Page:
However, Judge Doty took it one step further (thank you, Your Honor), and opined that, even if the Band were not immune, federal statutes, including the FLSA and its EPA, do not apply to, “Indian tribes when the matters at issue are purely internal, as here.” As to the EPA claim, the Court relied on guidance from Snyder v. Navajo Nation (9th Cir. 2004), noting that, “…the Fair Labor Standards Act, which includes the EPA, does not apply to Indian tribes when the law would interfere with tribal self-government).” So, there it is…one mystery partially solved, 5 years later…


Well…I hate to say I called it but…on May 6, 2021, the U.S. Department of Labor (DOL) issued a final rule at 86 FR 24303, withdrawing the Independent Contractor Status rule issued January 7, 2021. As you may recall, that rule was set to change the test as to whether a worker was an independent contractor or employee. While the DOL previously used the “economic realities” test, the new rule would have used an “economic dependence” test. The new test would have narrowed the definition of “employee”, allowing more individuals to classify as independent contractors. Alas, we are back to where we were with the DOL using the economic realities test.

What is the test, you ask? Well, it is not the same test the IRS uses (confusing, I know), but is based on the concept that there are seven factors to consider:

  1. The extent to which the services rendered are an integral part of the principal’s business.
  2. The permanency of the relationship.
  3. The amount of the alleged contractor’s investment in facilities and equipment.
  4. The nature and degree of control by the principal.
  5. The alleged contractor’s opportunities for profit and loss.
  6. The amount of initiative, judgment, or foresight in open market competition with other required for the success of the claimed independent contractor.
  7. The degree of independent business organization and operation.

Keep in mind that the following common misconceptions are not sufficient alone (the economic realities test must still be met):

  • An employer and worker cannot agree on a classification – if the worker does not meet the criteria, they must be paid as an employee.
  • Remote work
  • Providing a 1099 (versus W-2)
  • State or tax law does not determine FLSA status
  • Using an EIN, LLC, etc.
  • Executed independent contractor agreement
  • Paying in cash, check, etc. to an entity other than the worker

In other words, I’ve said it before – if it looks like a duck, quacks like a duck, the DOL is going to say it’s a duck.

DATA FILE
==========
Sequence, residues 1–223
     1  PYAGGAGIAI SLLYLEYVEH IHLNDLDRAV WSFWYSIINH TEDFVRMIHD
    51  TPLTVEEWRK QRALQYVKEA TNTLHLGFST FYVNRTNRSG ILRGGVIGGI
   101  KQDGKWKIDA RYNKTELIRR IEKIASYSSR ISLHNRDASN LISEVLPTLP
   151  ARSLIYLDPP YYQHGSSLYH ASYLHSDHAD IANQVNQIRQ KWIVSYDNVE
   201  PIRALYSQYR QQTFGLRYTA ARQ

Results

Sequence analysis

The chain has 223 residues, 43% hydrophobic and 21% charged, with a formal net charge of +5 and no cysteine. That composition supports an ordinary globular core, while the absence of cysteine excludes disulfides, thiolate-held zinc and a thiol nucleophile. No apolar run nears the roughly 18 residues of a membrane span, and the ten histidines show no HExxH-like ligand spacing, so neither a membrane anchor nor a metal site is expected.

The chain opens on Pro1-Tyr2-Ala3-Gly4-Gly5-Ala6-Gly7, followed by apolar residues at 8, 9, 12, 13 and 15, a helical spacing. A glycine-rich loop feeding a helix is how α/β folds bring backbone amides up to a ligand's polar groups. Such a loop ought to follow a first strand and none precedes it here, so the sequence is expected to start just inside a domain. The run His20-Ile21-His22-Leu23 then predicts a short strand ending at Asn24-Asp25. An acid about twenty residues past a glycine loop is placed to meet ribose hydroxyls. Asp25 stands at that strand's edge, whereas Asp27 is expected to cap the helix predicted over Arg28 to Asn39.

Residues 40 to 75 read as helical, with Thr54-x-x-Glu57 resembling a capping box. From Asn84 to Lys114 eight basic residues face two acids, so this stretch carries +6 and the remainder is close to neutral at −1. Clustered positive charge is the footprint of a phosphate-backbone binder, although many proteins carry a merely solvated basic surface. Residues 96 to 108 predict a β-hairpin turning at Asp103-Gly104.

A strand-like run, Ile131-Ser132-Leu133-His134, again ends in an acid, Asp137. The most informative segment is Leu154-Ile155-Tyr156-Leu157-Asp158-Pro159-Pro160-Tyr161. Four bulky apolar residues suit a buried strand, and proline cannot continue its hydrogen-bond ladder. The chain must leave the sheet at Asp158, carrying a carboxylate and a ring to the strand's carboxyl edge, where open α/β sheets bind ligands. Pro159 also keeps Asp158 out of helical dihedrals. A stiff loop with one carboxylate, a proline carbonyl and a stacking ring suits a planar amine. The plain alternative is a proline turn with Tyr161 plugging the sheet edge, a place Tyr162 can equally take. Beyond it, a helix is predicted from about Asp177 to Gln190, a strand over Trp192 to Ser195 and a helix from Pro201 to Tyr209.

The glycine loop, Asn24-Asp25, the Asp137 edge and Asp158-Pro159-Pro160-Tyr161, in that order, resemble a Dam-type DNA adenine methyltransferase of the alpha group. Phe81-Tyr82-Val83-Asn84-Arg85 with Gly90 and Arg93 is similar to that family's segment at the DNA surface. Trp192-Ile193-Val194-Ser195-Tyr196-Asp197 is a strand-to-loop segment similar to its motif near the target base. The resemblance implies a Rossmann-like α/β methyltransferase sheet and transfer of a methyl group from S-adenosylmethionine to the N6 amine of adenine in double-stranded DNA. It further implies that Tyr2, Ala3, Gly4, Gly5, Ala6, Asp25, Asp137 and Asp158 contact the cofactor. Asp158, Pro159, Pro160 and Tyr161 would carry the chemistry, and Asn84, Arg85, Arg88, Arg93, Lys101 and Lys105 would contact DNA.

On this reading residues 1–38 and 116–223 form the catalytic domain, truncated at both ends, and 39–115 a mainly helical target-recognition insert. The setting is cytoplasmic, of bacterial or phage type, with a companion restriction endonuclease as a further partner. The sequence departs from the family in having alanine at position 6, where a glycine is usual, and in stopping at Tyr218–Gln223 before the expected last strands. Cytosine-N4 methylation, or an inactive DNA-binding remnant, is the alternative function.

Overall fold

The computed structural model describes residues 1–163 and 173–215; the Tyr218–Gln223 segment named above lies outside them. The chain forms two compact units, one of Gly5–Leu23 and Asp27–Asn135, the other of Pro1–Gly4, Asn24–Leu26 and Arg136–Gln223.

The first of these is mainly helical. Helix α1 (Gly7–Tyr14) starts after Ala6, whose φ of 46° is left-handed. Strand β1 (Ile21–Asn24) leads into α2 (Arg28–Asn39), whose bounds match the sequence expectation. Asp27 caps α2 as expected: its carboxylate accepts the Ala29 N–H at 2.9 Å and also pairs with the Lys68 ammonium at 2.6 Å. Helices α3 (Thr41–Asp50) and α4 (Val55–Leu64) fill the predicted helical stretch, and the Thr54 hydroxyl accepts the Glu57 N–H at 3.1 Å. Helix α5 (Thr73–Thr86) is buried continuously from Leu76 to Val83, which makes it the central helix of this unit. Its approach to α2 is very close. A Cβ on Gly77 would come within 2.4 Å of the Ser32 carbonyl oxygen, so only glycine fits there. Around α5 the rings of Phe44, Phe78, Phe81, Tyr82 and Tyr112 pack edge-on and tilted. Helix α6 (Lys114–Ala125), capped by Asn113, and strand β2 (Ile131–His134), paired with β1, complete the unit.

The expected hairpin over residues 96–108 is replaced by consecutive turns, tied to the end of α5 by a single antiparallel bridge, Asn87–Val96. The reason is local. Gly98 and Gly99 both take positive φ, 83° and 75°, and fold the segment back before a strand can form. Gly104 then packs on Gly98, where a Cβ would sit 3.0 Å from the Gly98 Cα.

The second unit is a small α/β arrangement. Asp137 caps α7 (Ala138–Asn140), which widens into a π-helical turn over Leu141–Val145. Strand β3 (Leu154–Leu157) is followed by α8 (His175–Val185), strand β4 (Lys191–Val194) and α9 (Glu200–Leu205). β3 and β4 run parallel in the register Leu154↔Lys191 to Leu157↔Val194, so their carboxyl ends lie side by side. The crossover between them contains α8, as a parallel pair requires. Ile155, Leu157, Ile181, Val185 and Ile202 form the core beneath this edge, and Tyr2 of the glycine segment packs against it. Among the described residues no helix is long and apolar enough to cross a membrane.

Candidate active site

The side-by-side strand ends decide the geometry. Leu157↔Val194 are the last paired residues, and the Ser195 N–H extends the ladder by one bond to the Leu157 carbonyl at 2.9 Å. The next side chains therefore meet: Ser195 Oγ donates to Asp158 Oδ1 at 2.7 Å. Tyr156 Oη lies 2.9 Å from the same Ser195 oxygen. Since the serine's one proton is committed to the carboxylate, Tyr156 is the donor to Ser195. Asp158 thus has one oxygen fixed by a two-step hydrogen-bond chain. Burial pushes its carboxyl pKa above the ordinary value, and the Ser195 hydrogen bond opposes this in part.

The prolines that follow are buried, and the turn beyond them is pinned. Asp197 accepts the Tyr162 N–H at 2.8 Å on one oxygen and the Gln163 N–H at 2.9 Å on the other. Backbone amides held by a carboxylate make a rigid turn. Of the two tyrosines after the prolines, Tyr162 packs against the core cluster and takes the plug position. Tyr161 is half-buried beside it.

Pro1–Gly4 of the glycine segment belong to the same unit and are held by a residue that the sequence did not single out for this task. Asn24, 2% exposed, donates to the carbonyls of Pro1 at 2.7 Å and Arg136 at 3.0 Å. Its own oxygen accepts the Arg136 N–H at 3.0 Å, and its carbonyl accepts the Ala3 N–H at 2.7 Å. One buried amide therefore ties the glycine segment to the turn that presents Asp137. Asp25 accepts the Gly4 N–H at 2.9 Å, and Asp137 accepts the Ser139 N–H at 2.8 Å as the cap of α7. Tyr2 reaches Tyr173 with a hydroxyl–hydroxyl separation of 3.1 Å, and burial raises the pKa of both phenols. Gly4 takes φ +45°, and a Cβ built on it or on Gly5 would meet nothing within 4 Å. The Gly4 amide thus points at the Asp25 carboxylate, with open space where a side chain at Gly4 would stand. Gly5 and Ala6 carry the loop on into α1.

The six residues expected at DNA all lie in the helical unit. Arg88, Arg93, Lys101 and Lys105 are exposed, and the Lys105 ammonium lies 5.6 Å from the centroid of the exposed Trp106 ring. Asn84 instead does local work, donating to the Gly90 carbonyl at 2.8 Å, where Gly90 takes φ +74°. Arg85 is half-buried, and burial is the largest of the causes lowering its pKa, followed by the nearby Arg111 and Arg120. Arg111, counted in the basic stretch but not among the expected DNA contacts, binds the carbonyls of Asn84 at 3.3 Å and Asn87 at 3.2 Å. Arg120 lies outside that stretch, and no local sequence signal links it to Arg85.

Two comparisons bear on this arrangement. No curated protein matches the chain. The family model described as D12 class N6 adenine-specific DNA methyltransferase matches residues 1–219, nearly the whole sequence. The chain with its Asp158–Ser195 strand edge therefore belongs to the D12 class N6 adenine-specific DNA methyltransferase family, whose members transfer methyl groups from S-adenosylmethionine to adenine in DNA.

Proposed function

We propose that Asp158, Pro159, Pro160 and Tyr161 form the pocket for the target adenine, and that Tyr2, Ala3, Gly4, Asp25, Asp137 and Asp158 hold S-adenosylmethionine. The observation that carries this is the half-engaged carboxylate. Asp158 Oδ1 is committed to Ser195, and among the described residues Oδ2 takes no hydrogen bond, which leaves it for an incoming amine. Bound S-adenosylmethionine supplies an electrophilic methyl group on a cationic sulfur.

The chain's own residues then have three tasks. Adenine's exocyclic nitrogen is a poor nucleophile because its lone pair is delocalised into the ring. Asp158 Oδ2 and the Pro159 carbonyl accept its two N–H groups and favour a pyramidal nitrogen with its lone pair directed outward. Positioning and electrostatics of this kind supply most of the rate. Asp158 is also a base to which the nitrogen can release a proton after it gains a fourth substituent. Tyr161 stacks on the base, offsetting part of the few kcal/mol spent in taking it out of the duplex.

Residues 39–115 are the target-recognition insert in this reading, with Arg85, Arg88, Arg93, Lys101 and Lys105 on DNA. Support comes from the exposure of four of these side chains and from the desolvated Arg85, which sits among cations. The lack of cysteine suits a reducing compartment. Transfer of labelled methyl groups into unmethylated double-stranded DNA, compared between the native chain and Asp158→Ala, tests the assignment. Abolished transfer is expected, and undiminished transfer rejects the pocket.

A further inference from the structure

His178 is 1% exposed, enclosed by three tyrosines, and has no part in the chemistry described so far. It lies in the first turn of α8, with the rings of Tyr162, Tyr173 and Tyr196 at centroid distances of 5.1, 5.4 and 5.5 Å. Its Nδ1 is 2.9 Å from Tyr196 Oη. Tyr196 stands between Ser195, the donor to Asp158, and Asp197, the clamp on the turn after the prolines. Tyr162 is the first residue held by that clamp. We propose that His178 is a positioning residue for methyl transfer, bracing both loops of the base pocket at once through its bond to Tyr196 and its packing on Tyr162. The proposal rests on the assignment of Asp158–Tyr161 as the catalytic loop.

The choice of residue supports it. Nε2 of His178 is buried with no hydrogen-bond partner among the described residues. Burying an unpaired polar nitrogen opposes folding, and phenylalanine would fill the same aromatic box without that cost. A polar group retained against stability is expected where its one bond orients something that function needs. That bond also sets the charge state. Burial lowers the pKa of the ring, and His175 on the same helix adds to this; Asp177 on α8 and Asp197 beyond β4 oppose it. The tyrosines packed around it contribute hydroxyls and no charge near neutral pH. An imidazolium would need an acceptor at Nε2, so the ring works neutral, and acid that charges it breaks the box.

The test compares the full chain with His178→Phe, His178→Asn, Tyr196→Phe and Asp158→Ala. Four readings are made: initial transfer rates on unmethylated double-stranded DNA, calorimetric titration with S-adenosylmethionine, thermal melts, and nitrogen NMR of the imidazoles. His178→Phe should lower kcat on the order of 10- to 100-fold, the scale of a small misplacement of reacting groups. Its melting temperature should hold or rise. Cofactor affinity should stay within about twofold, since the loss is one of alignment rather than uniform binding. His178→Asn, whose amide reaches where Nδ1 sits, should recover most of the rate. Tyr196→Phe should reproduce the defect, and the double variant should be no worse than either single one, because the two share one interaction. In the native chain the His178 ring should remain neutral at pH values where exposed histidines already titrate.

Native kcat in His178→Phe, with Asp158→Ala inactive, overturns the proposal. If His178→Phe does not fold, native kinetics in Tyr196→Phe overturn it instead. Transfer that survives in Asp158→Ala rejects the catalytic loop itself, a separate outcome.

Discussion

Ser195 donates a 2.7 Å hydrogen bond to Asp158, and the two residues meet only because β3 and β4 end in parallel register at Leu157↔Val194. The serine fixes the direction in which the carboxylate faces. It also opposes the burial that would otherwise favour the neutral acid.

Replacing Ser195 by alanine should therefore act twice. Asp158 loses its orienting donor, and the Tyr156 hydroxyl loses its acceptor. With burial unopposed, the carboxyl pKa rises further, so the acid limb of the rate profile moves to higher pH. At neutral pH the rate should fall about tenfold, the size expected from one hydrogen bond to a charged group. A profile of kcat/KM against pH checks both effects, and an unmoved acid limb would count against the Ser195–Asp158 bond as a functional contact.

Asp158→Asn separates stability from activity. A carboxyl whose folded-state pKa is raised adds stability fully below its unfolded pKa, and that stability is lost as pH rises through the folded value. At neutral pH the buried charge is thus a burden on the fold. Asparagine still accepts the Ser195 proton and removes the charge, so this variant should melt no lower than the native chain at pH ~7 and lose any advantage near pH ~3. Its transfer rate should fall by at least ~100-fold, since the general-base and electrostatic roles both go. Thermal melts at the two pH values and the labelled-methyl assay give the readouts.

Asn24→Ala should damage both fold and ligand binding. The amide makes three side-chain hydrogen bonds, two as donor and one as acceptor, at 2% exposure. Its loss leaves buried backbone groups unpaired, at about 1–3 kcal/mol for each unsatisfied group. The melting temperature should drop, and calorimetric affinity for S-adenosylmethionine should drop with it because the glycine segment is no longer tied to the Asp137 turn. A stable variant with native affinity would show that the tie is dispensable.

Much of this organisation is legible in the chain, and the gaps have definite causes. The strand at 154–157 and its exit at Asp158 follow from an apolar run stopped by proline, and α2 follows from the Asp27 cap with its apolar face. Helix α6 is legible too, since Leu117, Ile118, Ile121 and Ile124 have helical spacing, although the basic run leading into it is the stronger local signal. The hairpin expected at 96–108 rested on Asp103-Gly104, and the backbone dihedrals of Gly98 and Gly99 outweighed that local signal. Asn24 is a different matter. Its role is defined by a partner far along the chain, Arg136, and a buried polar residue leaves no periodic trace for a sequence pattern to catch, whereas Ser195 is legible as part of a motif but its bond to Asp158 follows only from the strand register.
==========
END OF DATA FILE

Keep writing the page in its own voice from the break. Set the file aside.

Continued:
I have spent plenty of time in the quaint small town of Plainview, Minnesota (where the City snowplow is a tractor and dump truck team), and so it’s fun to write about this one, but I feel for the City (which voted to sell the liquor store in August 2020 while this appeal was pending). On February 3, 2021, the Minnesota Supreme Court issued its decision in Hall v. City of Plainview, 2021 WL 359508 (Minn. 2021) holding that  a paid time off (PTO) policy in an employee handbook was a unilateral contract, even though the employee handbook had broad disclaimer language that no contract was created by the handbook. Minnesota has long held that broad disclaimer language in an employment handbook is sufficient to convey intent not to create an employment contract. So what went wrong?

In this case, the Plaintiff, Donald Hall (Hall), managed the city’s liquor store, and accumulated over 1,778 hours (almost 11 months) of paid time off (PTO). Now, the first part of the story (I try not to digress but this is important) is that employers should consider a cap on PTO, or a maximum carry-over so that any payout is not bank-breaking. In any event, upon termination, Hall sought a payout for his PTO, citing the detailed PTO payout policy in the City’s handbook. The City refused, citing a general disclaimer in its handbook that the handbook, “is not intended to create an express or implied contract of employment between the City of Plainview and an employee,” and the lawsuit ensued. The Minnesota Supreme Court ultimately held that the handbook’s PTO policy was sufficiently specific as to create a contract , and the general handbook disclaimer was too broad and ambiguous to allow the City to not follow the PTO policy requiring payment upon termination. Accordingly, the Court held that Hall was entitled to his PTO payout.